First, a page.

Many people think futuristic possibilities when they hear about telemedicine and mobile health, but the reality is that both will increase productivity and efficiency throughout the health system in the coming years. At the ATA 2014 Annual Meeting and Trade Show, healthcare colleagues were discussing how the alternative to face-to-face communication — telemedicine — has grown remarkably in the past few years and is continuing to do so.

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What's a surgeon's role in an ACO? Not much so far, survey says
The Washington Post
Accountable Care Organizations have given little attention to surgery in the early years of the Medicare program, choosing to focus instead on managing chronic conditions and reducing hospital readmissions. That’s according to a case study and survey published recently in the journal Health Affairs. The authors conducted case studies at four ACOs in 2012 and sent a survey to all 59 Medicare ACOs in the first year of the program, with 30 responding.
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Turning a corner in stroke care
Medscape (free subscription)
As a neurosurgeon trained in cranial and endovascular neurosurgery, Dr. Khalessi greatly anticipates the International Stroke Conference (ISC) as an opportunity to engage the research community in advancing the care of patients with ischemic and hemorrhagic stroke. Fortunately, the historic nihilism in stroke care is giving way to renewed optimism and focused progress in our treatment and understanding of cerebrovascular disease.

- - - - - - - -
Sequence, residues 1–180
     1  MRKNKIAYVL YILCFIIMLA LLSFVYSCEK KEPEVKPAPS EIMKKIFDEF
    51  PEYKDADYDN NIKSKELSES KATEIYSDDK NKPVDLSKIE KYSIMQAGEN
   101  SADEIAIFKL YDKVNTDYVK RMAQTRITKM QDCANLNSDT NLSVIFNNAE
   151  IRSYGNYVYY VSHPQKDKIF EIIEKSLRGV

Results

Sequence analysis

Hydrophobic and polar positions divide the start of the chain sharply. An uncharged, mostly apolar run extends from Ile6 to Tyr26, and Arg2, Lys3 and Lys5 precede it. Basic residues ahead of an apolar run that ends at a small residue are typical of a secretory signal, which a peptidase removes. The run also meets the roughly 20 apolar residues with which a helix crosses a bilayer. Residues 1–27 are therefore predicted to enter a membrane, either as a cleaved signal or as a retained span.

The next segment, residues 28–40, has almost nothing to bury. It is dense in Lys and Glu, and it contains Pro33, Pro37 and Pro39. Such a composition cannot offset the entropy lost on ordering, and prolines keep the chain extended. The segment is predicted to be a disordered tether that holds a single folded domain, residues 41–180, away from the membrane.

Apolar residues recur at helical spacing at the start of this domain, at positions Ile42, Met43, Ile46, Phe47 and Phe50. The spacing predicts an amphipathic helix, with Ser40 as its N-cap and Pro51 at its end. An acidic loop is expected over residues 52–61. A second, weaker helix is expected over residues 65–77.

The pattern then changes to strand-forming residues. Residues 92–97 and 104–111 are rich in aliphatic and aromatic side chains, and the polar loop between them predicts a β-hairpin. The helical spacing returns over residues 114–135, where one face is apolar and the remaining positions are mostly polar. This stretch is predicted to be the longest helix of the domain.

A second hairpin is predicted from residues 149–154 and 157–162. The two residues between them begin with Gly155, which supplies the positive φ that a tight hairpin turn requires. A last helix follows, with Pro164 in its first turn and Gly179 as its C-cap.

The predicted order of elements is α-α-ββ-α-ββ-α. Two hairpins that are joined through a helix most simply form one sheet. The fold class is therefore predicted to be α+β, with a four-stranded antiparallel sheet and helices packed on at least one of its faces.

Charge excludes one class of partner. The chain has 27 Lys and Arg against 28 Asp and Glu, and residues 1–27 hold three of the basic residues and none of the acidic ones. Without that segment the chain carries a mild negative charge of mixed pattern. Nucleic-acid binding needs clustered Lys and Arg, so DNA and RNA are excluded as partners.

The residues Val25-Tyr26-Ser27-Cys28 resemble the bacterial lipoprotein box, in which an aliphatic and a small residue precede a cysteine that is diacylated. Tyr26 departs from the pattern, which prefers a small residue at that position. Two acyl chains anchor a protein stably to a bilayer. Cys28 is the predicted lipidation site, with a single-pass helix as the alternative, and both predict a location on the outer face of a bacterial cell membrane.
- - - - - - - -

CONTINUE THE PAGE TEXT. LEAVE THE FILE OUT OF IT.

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Real-time feedback reduces rate of malpositioned thoracic pedicle screws
Healio — Spine Surgery Today
Providing real-time feedback to surgeons using neuromonitoring with pulse-train stimulation can help prevent the placement of malpositioned thoracic pedicle screws, according to study findings. In part one of a two-part study, researchers aimed to determine the success of using neuromonitoring with pulse-train stimulation to predict medially malpositioned thoracic pedicle screws. During the second phase, the researchers examined the benefits of providing feedback to surgeons on a regular basis during the procedure.
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Liposuction expert offers treatment for patients suffering from lipedema
Liposuction expert Dr. David Amron is one of the select surgeons in the nation to successfully treat lipedema (a.k.a. lipoedema), a potentially debilitating condition that causes abnormal accumulation of fat cells in the legs and sometimes arms. At his cutting edge facility located in the heart of Beverly Hills, the world-class surgeon is utilizing decades of liposculpture experience to help lipedema patients regain mobility, rebuild confidence, and put an end to their chronic pain.
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Electronic reminders help slash post-surgical thromboses
HeatthData Management